Pollution

EPA grant will help employ 100 youth for air pollution study

One hundred young people will be the driving force behind a “first-of-its-kind” air pollution study in Cincinnati due to a $75,000 grant from the Environmental Protection Agency.

Groundwork Ohio River Valley plans to deploy 10 sensor stations as well as dozens of smaller portable sensors to get an unprecedented view of air quality in the areas of Lower Price Hill and South Fairmount.

Right now, air quality is monitored by just a few static stations around Cincinnati as well as spot checks by the Southwest Ohio Air Quality Agency.

Tanner Yess is the co-executive director of the non-profit. He said the grant will get 100 youth trained in how these processes work, and the data from the sensors will be publicly available in real-time.

Yess said a third of the grant will go straight towards paying the youth and a handful of community members.

Cincinnati Children’s Hospital Medical Center is partnering on the project to further its research into the health effects of air pollution.

United States Environmental Protection Deputy Administrator Janet McCabe speaks to attendees at Oyler High School in the Lower Price Hill neighborhood of Cincinnati on Tuesday, March 29, 2022.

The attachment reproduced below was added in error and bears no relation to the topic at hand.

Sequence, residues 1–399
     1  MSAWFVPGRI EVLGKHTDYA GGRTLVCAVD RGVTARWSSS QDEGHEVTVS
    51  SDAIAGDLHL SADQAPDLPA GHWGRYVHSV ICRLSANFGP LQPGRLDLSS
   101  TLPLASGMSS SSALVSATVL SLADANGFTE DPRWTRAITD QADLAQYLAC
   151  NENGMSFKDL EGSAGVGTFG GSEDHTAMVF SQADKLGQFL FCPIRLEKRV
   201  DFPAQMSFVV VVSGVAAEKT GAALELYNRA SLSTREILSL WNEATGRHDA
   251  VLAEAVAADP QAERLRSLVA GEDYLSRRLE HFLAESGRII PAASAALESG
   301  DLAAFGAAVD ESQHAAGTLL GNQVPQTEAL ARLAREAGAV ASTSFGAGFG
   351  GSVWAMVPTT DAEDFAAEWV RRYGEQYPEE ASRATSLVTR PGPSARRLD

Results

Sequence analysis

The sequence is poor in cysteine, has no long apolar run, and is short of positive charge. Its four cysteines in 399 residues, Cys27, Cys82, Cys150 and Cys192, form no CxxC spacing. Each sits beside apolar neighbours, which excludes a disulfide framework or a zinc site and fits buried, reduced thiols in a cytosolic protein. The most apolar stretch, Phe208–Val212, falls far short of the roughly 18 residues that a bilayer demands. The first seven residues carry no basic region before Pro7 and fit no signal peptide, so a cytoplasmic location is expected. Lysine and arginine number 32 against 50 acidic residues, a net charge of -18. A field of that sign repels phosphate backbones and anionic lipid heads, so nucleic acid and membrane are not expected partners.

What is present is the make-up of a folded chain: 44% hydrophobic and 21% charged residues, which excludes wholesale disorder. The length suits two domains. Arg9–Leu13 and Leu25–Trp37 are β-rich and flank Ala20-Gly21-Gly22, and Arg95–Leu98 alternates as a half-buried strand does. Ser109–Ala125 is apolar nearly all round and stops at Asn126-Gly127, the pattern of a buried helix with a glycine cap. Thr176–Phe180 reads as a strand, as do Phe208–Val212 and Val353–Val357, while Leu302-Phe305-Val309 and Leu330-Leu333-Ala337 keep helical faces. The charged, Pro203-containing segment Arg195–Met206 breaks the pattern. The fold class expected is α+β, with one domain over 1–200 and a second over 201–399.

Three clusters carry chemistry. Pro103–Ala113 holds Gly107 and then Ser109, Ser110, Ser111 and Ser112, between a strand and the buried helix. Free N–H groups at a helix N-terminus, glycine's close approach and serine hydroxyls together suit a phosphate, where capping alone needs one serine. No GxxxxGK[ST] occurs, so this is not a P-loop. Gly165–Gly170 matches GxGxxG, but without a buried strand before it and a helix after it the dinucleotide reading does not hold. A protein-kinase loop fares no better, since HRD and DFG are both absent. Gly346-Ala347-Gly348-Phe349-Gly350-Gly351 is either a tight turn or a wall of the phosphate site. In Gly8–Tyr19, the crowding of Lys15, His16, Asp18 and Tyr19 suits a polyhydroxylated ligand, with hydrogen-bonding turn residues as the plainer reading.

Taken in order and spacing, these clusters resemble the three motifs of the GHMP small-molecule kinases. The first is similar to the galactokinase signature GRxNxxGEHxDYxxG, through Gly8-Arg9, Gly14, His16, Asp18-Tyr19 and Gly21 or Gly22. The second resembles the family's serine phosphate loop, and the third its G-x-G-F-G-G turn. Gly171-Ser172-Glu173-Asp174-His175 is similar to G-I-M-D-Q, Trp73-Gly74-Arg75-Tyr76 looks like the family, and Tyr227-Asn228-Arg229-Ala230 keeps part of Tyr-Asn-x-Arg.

EPA Deputy Administrator Janet McCabe visited the Oyler Community Learning Center to announce the grant Tuesday.

She said disadvantaged neighborhoods, usually populated with Black and LatinX residents, have been on “the frontlines of pollution for generations.”

McCabe applauded the community-driven project and said it is need in the fight for environmental justice and equity.

“We’re going to create some community scientists right here,” she said.

Cincinnati mayor Aftab Pureval speaks at Oyler High School in the Lower Price Hill neighborhood of Cincinnati on Tuesday, March 29, 2022. United States Environmental Protection Deputy Administrator Janet McCabe visited the school and took a tour of environmental projects in the area.

Yess said Lower Price Hill, the home to Oyler, has some of the lowest tree canopy and highest energy costs in the city. He said the pilot project and Groundwork’s partnership with the school will help make the neighborhood a model for sustainability.

He said we need to provide generational solutions to generational problems.

Mayor Aftab Pureval said climate change is affecting us all, down to how many potholes are on the streets. He said this project will “inspire and train a new generation of leaders and stewards.”

Mohagany Wooten is a junior at Oyler. She’s already been working on the project. She said she was shocked to learn Lower Price Hill was so impacted by air pollution but added that her education about the issue also taught her how much worse it used to be .

Mohagany Wooten, a junior at Oyler, speaks about projects she and her classmates are working on at Oyler High School in the Lower Price Hill neighborhood of Cincinnati on Tuesday, March 29, 2022.

The scale of the project would not have been possible 10 years ago, Yess said, but the technology is now cheaper and widely available. Wireless internet connectivity also simplifies the process of connecting a network of sensors.

Yess said some of the sensors are small enough to be worn. Youth will be assigned walking routes to get even more data and the sensor can be worn to get data on indoor air quality as well.

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